By Tim Binnall
Several objects from the ruins at Pomeii were recently mailed to a travel agency in Italy by a Canadian woman who explained that she had stolen them 15 years ago and now wished to rid herself of what she believes is a curse attached to the artifacts. Among the pilfered items that were reportedly returned by the regretful tourist were a pair of mosaic tiles, two pieces of a vase, and a portion of a wall. Reflecting on her decision to take the artifacts, the woman mused that "I was young and stupid, and I wanted to have a piece of history that nobody had."
However, upon returning home, the woman's luck took a turn for the worse and, over the course of the next 15 years, she had two bouts with cancer and her family suffered serious financial hardship. How and why she ultimately determined that her troubles were related to the stolen Pompeii pieces is uncertain, but the tourist was convinced that the ill-gotten mementos were to blame. "I stole a piece of history that had lots of negative energy inside," she wrote in a letter which was included with the returned objects.
"Please take these artifacts back, so I can do the right thing and mend the mistake I've made," she pleaded, "I don't want to pass this curse on to my family, my children or myself anymore." The stolen pieces have since been handed over to officials at the Archaeological Park of Pompeii where they will likely go on display as part of a showcase of other artifacts which were taken and returned by tourists sharing eerily similar stories of bad luck.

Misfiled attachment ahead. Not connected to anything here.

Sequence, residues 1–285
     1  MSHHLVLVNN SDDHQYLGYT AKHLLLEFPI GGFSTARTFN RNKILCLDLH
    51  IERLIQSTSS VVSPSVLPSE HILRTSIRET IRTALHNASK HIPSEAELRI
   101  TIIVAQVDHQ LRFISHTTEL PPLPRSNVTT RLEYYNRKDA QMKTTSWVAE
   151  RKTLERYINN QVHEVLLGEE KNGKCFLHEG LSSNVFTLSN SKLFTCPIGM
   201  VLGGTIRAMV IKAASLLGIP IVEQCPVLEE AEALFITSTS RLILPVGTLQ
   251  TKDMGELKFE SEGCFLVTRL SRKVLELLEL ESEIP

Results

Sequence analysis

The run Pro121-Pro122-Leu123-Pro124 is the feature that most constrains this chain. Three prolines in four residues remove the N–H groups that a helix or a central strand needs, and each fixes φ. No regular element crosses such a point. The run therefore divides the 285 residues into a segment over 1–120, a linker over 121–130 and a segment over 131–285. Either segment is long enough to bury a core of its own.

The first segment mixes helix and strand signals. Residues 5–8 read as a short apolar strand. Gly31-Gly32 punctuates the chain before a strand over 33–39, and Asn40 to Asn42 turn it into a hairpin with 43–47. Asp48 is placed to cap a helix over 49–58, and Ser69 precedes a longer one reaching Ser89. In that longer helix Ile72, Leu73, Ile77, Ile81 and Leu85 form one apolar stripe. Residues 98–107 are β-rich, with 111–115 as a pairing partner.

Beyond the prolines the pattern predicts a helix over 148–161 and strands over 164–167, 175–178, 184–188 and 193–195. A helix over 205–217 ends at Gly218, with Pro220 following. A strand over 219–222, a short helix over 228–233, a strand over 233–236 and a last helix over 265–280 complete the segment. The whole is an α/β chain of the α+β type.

Unsurprisingly, Pompeii is not the only site plagued by sticky-fingered visitors who have taken objects and then later regretted their decision. Back in July, the Colorado Parks and Wildlife department received a package containing a rock which was stolen from one of their parks and was subsequently perceived as cursed by the man who had been given the sizeable stone by a friend. And, in March, an Israeli man with fears that the apocalypse was near sought to absolve himself ahead of time by returning a relic which he had pocketed from a National Park.